Chiang Mai Street Eats

Chiang Mai is a major city in Northern Thailand and is also referred to as the food capital of Thailand.

I spent about 5 days in Chiang Mai and left with a really full stomach and greater appreciation of Thai street foods.

Pad Thai, braised pork dishes, fried fish or chicken, noodle soups, spring rolls, sausage or chicken on a stick, papaya salads are just a small selection of what’s available from the stalls around the city.

Other dishes like kôw soy (Chiang Mai’s famous noodle soup) you an enjoy plating yourself with various fixens at a stall or have it prepared for you and enjoy it while sitting at a nearby table.

Many items like fried wontons you can just take and eat while walking around. 

The price for most of this food is incredibly cheap at about 35-45 Baht ($1-$1.25) for a bowl of noodles or around 20 baht ($0.60) for some wontons or spring rolls.


Thailand does desserts so well! You can see fresh fruits like mangos, strawberries, durian, pineapple, rose apples and other fruits all beautifully cut up and ready to be eaten on the go at most of these markets (and all around the city).

There is also a smoothie vendor at every corner selling delicious smoothies or fruit juices for just about 30 baht ($1).  Sometimes they add extra sugar to these smoothies, which you can ask them to omit unless you want it to be extra sweet.

Mango sticky rice is my personal favorite and SO SO SO good in Thailand!  The ripe sweetness with the mango, the thick base of the sticky rice mixed with creamy coconut sauce and crunch of the roasted yellow mung bean on top can’t be beat.  My favorite one was found at the North Gate Night Market but I’ve never found a mango sticky rice that I did not like!

Another unique treat were these small disks of wafer (very similar to a fortune cookie) that were covered in marshmallow.

Crepes, chocolate covered marshmallows and cups of strawberries were all over the markets as well.


Night Bazaars

You can find street food stalls dispersed throughout the city at anytime of day, but they come out at full force during Chiang Mai’s famous night markets.

The main night bazaar is located on Chang Klan Road, about a 15 minute walk from Tha Phae Gate. It’s open every night but full disclosure, this one is my least favorite.  It’s made up of about 25-50 permanent stalls, has uninteresting tourist shopping stalls packed with elephant pants surrounding it, and just feels like a carnival.

So instead, I encourage you to visit the pop up night markets that temporarily set up shop at either the North or South gates of the old city every night.  The food at these stalls is eclectic and I think almost anyone can find something they enjoy.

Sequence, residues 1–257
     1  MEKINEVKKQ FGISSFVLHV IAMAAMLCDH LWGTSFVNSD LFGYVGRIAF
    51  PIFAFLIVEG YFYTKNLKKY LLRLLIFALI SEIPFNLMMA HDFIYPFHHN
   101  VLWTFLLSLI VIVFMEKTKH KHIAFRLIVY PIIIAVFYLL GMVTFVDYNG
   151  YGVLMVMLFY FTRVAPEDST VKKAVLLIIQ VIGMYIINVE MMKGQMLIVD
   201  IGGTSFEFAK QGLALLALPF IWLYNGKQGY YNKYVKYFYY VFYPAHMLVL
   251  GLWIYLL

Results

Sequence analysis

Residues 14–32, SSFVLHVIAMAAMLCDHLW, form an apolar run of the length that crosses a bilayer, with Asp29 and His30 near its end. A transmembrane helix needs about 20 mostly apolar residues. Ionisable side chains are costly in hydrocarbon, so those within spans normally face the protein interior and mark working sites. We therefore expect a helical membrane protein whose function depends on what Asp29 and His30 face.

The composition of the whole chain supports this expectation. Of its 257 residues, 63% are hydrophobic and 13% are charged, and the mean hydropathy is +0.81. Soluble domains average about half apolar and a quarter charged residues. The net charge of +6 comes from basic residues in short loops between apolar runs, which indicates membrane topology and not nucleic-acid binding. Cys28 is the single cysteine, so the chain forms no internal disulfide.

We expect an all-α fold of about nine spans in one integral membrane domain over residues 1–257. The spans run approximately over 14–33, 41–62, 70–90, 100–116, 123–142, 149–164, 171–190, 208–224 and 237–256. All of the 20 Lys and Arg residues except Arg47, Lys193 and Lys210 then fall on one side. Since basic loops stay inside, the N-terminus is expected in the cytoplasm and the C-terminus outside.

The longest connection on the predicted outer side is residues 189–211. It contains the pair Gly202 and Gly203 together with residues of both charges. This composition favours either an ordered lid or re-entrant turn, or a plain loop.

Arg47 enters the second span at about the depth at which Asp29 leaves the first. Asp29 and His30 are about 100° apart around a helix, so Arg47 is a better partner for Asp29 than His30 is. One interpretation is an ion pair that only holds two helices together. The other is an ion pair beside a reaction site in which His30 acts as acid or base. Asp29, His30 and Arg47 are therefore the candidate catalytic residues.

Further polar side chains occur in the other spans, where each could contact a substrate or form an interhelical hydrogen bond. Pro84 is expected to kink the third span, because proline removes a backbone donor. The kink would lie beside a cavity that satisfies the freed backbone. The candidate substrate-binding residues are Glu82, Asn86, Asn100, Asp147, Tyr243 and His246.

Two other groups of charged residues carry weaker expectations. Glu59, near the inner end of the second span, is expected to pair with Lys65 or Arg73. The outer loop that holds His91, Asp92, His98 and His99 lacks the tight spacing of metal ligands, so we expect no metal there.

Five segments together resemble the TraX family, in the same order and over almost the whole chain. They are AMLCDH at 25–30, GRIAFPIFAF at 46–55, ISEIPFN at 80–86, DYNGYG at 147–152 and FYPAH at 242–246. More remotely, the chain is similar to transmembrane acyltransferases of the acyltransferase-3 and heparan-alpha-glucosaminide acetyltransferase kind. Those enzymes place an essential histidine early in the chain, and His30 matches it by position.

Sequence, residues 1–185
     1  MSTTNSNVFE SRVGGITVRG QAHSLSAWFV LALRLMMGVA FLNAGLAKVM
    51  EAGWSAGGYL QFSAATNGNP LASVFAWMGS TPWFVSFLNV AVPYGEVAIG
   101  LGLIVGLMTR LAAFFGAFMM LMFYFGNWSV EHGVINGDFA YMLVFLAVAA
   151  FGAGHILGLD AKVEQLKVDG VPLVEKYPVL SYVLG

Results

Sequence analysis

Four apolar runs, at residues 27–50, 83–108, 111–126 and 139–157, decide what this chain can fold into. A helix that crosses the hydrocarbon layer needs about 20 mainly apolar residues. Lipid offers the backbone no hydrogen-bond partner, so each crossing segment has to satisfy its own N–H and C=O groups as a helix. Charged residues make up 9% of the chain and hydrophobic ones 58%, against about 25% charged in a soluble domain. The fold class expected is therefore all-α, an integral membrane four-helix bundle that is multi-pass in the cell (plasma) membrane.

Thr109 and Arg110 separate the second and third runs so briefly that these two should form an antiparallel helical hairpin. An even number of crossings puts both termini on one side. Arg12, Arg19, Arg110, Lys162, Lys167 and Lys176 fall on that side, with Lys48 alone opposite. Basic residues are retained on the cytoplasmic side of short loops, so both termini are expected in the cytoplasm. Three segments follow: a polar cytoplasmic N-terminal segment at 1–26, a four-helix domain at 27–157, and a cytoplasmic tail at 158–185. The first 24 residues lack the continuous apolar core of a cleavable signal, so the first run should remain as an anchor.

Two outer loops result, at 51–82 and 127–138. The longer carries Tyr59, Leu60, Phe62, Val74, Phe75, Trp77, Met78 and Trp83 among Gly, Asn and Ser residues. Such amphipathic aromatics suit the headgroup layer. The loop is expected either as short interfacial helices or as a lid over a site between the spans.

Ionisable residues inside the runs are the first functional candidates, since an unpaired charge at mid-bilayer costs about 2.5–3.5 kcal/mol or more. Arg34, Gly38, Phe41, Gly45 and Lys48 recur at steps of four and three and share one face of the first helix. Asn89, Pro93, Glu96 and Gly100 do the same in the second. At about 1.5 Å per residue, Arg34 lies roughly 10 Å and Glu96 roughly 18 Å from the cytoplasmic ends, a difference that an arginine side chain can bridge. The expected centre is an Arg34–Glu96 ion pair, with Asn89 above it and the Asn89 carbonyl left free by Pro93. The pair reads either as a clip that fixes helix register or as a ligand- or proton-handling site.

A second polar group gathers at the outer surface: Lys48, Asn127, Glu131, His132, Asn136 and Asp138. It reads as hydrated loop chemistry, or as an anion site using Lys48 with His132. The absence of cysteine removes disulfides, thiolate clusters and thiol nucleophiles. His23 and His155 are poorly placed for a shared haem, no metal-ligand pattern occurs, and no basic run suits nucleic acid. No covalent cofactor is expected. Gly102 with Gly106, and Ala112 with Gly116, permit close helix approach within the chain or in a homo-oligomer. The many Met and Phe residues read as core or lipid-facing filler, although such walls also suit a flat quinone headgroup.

South Gate Night Market

My favorite dish at the South Gate Night Market (open every night) was the Kanom Krok. The chef couldn’t make them fast enough!  These are usually eaten as snacks in Thailand and I think can be viewed as a dessert as well as they are slightly sweet in taste as it’s made with coconut milk. I didn’t find too many of these stands around the city so grab them at the South Gate Night Market if you see them!

North Gate Night Market

My favorite dish at the North Gate Night Market (open every night) was the braised pork with egg and rice. You can identify the stand as the chef wears a big cowboy hat and is known as the “woman with cowboy hat”. I heard about this stall from Anthony Bordain’s No Reservations show in Thailand and was happy that I sought it out as it was delicious.  A lot of the stalls in the North Gate Night Market do not have English signs explaining what they are selling. So just be aware of this and open to exploring dishes that you may not be able to identify 🙂

Saturday & Sunday Night Market

I really loved the weekend markets as well – and I think it’s worth making sure you stop in Chiang Mai over a Saturday or Sunday if you can.  Yes, they can get extremely crowded. But as long as you’re patient, it’s a great experience.

The Saturday night market takes over a long strip of Cnr Wua Lai street just below the South Gate. 75% of the vendors (by my own estimation) that set up there are selling locally made handicrafts.  

The Sunday market dominates Rachadamnoen Road and surrounding streets right next to Tha Phae Gate. It was some of the cutest crafts that I found throughout South East Asia and most are different and unique to what you will find in the traditional tourist shops.

If shopping for handicrafts isn’t your thing, you will still find a ton of street food vendors at both. I ate a good amount of food just walking around the markets.

My favorite vendors at both night markets made a different kind of noodle dish.  While Pad Thai can be found in heaping mounds already prepared, there are a ton of noodle dishes that are assembled right in front of you and made to order. 

A Few Tips

  • Both weekend markets can get very crowded (especially the Sunday Night Market) and so if you have a serious aversion to crowds, try to go earlier around 5-7.
  • Both Saturday and Sunday night markets are very similar. The Sunday Night Market has more craft vendors and artwork and I found it to be much more crowded.
  • Not surprisingly, some of the food vendors I loved, some of them I thought weren’t the best.   But everything is so cheap that you can always sample and throw it out if it’s not to your liking! Worst case you can always find fries 🙂